Ear cropping of dogs, time to make it illegal to own one.

dog ear cropping

If Dobermans and the other breeds were meant to have cropped ears they would be born with them.

The ear cropping of dogs in the UK has been banned since 2006 when the Animal Welfare Act made it illegal but it is still an increasingly common sight to see these dogs being openly paraded in the streets and on social media. Australia has also banned the procedure, but there are still many countries in Europe and also the USA where it is still prevalent and actively encouraged. And this is where the problem lies.

The ban, like many animal welfare laws in the UK was not given enough thought and was never fit for purpose because it did not make it illegal to own an ear cropped dog making it easy to import them ready cropped or to take the dog to another country to have it done and thus circumvent the law allowing the suffering to take place elsewhere.

New petitions in the U.K. and U.S.A to ban the import of ear cropped dogs.

The RSPCA has recently announced a 236% increase in the last five years of the number of reports of dogs with cropped ears and are backing a new petition instigated by a dog trainer and welfare campaigner calling for a ban on importing dogs who have had their ears cropped. Their figure of 178 reports is obviously woefully understated and just the tip of the iceberg. Only last week I followed two men walking down the high street each with a doberman, one a three month pup, with splinted ears. Unless you are familiar with the the ban you are probably unaware there is a problem with it.

A similar petition has also been begun in the USA where the procedure can be legally performed by a licensed Veterinarian and where the American Kennel Association encourages it for dog shows. U.S. veterinarians still perform the procedure even though their governing body the American Veterinary Medical Association opposes it.

Dogs operated on abroad to circumvent the ban.

There are companies that legally import dogs with cropped ears into the UK and there is nothing to stop owners taking their dogs to countries in Europe that still allow it or even the USA and bring them back. There is little point in reporting them as the owners can legitimately claim they were done abroad.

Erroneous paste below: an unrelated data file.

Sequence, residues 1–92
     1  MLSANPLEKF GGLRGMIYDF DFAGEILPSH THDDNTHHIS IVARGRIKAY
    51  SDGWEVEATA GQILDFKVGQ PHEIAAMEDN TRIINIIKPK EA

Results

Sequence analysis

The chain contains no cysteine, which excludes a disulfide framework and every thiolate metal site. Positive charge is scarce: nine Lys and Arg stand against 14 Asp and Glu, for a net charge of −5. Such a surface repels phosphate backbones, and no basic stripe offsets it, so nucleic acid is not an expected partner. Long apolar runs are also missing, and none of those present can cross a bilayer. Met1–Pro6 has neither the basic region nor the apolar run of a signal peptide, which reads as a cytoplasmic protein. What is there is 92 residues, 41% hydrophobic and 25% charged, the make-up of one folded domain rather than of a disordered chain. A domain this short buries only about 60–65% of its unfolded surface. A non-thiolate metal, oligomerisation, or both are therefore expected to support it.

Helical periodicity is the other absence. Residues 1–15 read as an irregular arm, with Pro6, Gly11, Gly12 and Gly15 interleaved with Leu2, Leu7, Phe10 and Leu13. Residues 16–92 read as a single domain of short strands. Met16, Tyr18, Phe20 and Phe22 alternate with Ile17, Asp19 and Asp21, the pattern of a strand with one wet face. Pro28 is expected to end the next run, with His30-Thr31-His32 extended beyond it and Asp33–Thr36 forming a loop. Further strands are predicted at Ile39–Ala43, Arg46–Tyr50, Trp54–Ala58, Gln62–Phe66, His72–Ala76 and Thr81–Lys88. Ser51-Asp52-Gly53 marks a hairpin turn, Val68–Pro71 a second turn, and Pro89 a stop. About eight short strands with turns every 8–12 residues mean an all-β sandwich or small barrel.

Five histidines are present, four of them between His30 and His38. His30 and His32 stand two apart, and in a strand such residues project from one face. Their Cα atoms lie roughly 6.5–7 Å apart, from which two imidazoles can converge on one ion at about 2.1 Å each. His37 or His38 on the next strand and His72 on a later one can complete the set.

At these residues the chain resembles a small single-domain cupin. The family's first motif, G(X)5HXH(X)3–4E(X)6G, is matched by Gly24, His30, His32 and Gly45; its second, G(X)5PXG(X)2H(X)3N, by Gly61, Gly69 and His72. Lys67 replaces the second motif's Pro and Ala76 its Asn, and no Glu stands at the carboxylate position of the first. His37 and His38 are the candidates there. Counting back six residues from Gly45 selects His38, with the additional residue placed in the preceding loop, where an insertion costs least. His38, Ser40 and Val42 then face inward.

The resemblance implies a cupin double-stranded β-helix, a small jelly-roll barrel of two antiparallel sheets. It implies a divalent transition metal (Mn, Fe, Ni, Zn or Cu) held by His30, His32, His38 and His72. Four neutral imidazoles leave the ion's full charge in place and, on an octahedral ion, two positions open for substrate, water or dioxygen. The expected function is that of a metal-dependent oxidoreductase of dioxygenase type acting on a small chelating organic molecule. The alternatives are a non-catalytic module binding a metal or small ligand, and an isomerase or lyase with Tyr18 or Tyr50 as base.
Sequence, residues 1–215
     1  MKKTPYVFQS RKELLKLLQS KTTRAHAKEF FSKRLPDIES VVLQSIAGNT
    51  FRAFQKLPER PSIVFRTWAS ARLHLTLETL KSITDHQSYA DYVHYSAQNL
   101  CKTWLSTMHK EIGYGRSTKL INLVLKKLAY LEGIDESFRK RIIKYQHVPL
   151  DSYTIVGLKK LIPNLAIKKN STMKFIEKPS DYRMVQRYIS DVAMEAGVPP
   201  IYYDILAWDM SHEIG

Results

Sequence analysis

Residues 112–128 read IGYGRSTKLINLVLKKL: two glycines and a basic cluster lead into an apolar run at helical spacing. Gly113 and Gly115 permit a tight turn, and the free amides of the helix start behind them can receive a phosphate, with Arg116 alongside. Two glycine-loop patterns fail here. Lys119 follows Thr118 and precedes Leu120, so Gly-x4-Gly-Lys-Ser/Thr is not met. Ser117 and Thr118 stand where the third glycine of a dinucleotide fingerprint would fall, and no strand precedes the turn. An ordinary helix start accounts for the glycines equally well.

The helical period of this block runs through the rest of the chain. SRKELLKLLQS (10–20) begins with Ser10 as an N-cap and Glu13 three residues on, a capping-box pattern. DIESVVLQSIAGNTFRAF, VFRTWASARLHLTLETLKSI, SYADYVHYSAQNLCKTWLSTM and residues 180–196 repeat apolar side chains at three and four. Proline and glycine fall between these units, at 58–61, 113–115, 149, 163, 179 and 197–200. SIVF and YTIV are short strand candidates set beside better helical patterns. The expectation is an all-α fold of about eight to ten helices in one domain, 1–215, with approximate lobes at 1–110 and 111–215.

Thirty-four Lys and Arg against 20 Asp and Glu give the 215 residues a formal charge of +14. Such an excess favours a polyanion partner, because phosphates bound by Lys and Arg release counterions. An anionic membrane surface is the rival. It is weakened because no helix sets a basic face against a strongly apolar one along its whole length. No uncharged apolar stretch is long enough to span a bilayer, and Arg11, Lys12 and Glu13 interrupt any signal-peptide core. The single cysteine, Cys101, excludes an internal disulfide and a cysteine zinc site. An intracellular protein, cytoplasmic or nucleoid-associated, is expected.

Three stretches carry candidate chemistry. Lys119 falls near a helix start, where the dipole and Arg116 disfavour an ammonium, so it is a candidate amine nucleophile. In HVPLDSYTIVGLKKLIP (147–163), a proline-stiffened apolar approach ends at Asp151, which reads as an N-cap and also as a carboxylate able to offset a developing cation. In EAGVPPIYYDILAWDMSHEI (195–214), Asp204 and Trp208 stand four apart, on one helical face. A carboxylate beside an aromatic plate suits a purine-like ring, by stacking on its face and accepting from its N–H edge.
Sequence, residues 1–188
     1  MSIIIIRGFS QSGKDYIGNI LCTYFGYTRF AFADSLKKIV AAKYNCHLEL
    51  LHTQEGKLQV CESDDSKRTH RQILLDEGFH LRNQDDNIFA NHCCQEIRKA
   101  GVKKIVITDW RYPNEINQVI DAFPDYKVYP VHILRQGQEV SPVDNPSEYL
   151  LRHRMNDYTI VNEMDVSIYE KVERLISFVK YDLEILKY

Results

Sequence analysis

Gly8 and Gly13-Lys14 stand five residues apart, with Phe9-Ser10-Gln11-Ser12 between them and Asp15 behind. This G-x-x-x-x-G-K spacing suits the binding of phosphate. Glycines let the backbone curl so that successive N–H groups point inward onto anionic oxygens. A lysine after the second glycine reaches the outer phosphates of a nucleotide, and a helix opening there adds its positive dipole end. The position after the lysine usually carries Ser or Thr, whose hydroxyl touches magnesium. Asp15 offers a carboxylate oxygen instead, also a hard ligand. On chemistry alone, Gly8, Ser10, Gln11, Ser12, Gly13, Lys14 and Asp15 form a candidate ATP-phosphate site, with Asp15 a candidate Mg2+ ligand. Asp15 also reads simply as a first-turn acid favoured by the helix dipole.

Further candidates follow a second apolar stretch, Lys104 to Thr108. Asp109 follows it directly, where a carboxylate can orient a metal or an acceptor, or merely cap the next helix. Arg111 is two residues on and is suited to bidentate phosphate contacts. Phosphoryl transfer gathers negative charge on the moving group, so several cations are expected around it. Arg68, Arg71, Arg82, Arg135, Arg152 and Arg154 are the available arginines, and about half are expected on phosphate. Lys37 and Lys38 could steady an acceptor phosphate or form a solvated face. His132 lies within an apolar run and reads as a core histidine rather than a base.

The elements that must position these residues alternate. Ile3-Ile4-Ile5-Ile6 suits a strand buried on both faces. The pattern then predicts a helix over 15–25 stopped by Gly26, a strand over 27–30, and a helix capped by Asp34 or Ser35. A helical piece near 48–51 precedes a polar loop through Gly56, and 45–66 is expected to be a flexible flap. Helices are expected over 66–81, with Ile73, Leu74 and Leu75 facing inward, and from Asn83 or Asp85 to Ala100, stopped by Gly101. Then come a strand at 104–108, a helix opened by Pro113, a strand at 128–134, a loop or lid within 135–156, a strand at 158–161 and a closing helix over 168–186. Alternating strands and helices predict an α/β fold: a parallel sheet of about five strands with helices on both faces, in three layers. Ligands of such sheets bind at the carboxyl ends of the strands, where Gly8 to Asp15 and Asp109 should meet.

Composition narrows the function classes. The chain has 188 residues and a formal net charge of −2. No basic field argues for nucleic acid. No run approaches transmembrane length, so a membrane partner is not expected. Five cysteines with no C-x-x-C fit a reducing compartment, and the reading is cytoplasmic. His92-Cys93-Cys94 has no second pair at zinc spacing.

Cropping is purely cosmetic and has no health benefits. There is no medical evidence that it prevents ear infections as often claimed by its proponents or any other health benefits. It is an inhumane and unnecessary procedure that serves no purpose other than changing the appearance of a dog. It is done more for the vanity of the owner than the well-being of the dog and because of a perverse belief that it makes the dogs look the way they “should look” and more attractive and fiercer.

Sadly a petition to ban the importation of dogs with cropped ears last year failed to get even half the required 100,000 signatures required for the Government to debate it. Whether this is an indication of the lack of interest or support of dog lovers is difficult to deduce, but there is another Government petition due to end in August 2021 to stop “the rising numbers of ear cropped dogs in the UK” which is also floundering somewhat.


Related Articles:

Author: John Brookland

John Brookland has been passionate about animals from an early age and has always been more concerned about their individual health and well-being than any scientific or zoological interest. During his long and varied career in animal welfare in the U.K. and worldwide, he has unfortunately witnessed most of the horrors of animal cruelty there is to see and has gained extensive insight into animal welfare issues. On leaving school he trained as an RSPCA clinic assistant in London and later was manager of one of their veterinary hospitals and an animal centre. He was Chief Inspector and manager of the Bahamas Humane Society in Nassau and spent time in Trinidad advising on a humane stray dog control service, before becoming a deputy manager and animal health inspector at Heathrow's Animal Quarantine Centre. He then travelled the world for a conservation group investigating the capture and transport of wildlife for the pet trade and was an honorary consultant to the IUCN and CITES. He is now retired and still travelling the world with his partner to view wildlife and wild places and writing a blog and books on animals.